The Food Standards Agency is to recommend that the UK retain its current BSE controls as an added level of protection when new European rules are introduced. New results of a study published in Nature today confirm the importance of these controls on imports in protecting consumers from the risks of BSE.

The European Commission is to introduce the slaughtering of over thirty-month cattle but with exceptions for older cattle that have been tested and shown to be BSE free. This follows an increase in the reported incidence of BSE in France and the first cases in Germany and Spain. The effectiveness of the scheme will depend on proper enforcement and testing across Europe.

The FSA view is that the current methods of testing have not been proven to fully detect sub-clinical BSE. Furthermore, the practicality of testing on a mass scale remains to be demonstrated.

On this basis the FSA is recommending that the UK retain its current rules which make it generally illegal for beef from cattle older than 30 months, including imports, to be sold for human consumption.

Christl Donnelly publishes a study in Nature today on the likely size of the BSE epidemic in France. Her study estimates that there is virtually no risk from French beef imported to Britain if the over thirty month controls are fully enforced. She says that even if the rules were only 75% enforced then the risks posed by British and French meat sold in the UK would be comparable. The FSA estimates that enforcement levels in the UK are currently at around 80%.

Sir John Krebs, Chairman of the FSA, said: "The latest evidence shows the importance of BSE controls and, in particular, the over thirty month rule for imports. It concludes that on current evidence the risk posed by British and French steaks sold in the UK are comparable""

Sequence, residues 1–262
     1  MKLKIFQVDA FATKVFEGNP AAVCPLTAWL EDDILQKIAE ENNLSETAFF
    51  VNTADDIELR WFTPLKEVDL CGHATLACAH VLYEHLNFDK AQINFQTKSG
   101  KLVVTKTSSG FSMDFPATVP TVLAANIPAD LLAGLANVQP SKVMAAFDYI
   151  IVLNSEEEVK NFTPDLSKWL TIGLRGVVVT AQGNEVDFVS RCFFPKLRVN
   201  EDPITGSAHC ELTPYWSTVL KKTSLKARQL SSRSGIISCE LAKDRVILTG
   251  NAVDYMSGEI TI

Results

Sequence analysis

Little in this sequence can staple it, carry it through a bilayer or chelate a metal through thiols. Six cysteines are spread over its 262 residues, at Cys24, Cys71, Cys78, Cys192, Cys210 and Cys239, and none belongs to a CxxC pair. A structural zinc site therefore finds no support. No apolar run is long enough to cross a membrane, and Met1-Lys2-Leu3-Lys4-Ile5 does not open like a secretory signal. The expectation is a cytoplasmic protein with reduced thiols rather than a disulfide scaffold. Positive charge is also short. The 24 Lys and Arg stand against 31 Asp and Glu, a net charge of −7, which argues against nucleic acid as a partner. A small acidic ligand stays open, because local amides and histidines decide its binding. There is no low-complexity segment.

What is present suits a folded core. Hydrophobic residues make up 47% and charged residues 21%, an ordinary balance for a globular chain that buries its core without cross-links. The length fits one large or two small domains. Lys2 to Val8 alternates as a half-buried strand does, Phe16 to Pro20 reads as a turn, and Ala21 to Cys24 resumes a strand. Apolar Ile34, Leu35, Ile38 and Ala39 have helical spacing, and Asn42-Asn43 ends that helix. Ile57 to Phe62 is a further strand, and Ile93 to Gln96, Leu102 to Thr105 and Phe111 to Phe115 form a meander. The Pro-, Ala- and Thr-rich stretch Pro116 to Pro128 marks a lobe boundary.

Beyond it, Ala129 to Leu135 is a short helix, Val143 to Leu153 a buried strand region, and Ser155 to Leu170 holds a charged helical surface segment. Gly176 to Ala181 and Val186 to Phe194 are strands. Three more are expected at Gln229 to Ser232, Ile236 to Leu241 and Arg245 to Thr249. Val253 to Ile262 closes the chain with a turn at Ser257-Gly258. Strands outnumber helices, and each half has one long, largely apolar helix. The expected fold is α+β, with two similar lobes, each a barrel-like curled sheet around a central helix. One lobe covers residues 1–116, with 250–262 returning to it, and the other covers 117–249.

" Retaining current BSE controls in the UK is a precautionary measure that will be reviewed in the light of the evidence derived from the new European testing system".

This latest study indicates that the risks in France of eating French beef are higher than is currently the case in the UK. The risk is comparable to the position in the UK a few years ago.

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The FSA has been monitoring the incidence of BSE across Europe. The Agency is commissioning a risk assessment of beef from Ireland following an increase of incidence to 126 cases in the current year. This compares to 1190 in the UK and 126 in France. (Latest available figures)

Europe-wide controls to remove specified risk materials (SRM) were introduced on 1 October 2000. France has had SRM controls since 1996. The SRM controls and the over thirty month rule are the most important consumer protection controls in force. Experts estimate SRM controls remove 95% of the infectivity from cattle.

Up to date information on BSE is available from the FSA BSE controls website at www.bsereview.org.uk.